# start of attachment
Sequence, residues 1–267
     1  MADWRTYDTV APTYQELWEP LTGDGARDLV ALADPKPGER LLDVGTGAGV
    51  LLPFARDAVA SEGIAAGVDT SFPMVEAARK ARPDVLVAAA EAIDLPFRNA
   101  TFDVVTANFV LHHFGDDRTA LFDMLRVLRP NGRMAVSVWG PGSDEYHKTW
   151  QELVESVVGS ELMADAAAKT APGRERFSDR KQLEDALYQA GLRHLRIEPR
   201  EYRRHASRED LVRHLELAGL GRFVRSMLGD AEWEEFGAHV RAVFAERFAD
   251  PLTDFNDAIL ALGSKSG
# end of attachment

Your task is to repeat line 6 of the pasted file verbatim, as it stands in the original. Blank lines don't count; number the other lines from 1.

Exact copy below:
   201  EYRRHASRED LVRHLELAGL GRFVRSMLGD AEWEEFGAHV RAVFAERFAD